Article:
I don’t think my clinical practice will change, EXCEPT, perhaps I might look for it more, in the elderly, like I do for AAA.

So that’s me. Let’s see what some other had to say:

Greg Treston: Director Emergency Department Mater Hospital Brisbane

Numbers

2584 patients

45 of 2054 had PE “proven” when there was no suspicion of PE or strong alternative diagnosis. (although to be very fair 2000 or so weren’t investigated because they had what might be called low chance or no chance of PE)

So I would call that 2.2%

I have to suspect that this would be the baseline rate of PE on imaging if you got together a bunch of people of similar age.  Of course, when you don’t check the vast majority of them, that percentage might change, but you see my point.

Standardized Protocol?

If you see on article page 1529 on the bottom left the text states “…all participating hospitals used a standardized protocol for the diagnostic work-up of syncope that was based on international guidelines.”  I can only assume that the reviewers did not check these references, because when I did there was no “standardized protocol” in either article referenced, at least not as we would understand it in Emergency Medicine terms.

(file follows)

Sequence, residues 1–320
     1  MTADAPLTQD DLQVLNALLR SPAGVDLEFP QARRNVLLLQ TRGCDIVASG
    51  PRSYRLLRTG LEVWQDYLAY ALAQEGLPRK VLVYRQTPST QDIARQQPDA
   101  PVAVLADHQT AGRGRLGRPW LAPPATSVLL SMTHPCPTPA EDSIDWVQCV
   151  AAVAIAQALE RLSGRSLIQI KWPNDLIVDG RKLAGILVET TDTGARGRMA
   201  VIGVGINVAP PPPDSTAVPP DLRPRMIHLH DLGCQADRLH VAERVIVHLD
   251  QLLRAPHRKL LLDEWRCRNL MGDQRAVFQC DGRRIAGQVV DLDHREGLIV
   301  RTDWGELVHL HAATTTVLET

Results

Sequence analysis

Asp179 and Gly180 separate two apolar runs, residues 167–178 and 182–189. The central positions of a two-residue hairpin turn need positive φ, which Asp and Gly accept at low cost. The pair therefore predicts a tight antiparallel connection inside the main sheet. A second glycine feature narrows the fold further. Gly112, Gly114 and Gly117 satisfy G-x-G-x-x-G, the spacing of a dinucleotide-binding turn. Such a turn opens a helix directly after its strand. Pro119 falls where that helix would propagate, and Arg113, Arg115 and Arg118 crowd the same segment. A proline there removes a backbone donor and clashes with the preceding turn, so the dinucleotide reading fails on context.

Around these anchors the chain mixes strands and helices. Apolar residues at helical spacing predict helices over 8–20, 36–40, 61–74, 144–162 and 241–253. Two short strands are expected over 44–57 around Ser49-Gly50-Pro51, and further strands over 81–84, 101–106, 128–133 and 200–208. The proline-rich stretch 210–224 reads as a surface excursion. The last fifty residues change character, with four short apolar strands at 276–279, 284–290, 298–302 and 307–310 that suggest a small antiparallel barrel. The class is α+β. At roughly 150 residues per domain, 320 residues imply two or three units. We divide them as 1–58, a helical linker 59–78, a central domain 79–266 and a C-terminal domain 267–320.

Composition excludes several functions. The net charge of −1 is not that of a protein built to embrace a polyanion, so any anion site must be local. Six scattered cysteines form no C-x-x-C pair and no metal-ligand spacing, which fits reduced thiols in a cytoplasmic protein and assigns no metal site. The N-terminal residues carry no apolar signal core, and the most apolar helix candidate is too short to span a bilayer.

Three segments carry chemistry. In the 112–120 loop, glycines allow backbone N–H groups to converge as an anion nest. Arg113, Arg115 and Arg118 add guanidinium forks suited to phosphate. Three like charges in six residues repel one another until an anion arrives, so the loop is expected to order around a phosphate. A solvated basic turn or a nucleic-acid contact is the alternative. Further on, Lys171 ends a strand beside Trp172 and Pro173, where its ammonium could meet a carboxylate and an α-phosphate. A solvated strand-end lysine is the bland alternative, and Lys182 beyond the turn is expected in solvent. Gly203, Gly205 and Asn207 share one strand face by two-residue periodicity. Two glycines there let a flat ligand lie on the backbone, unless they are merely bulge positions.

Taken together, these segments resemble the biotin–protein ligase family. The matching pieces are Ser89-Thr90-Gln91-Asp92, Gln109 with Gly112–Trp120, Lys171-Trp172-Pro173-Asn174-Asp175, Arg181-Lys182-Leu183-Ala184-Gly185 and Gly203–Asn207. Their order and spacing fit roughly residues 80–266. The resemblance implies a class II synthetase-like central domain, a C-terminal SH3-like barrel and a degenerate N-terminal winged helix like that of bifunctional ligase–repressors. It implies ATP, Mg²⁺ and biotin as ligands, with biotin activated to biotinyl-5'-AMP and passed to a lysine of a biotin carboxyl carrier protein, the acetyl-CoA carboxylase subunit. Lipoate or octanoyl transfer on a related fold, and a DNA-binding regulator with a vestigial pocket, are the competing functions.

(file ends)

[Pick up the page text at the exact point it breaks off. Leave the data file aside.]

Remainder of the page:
Conflicts

It is always tough to read an article without knowing the conflict of interest statement.  The NEJM has a statement on its website regarding this article.  They note:

Disclosure forms provided by the authors are available with the full text of this article at NEJM.org.
No potential conflict of interest relevant to this article was reported
I looked at everyones disclosures, nill.  Absolutely none.  Not even research grants.  However some of the authors are linked to a place called the Thrombosis Research Institute, and a study called Garfield-AF.
What is the Thrombosis Research Institute?

Excerpt from their website:
Both Thrombosis Research Institutes in London and Bangalore are independent, free standing organisations and recognized charities undertaking a multidisciplinary approach to research by bringing together clinicians and scientists involved in basic research.

 
Our two organisations are supported by peer reviewed grants and charitable donations: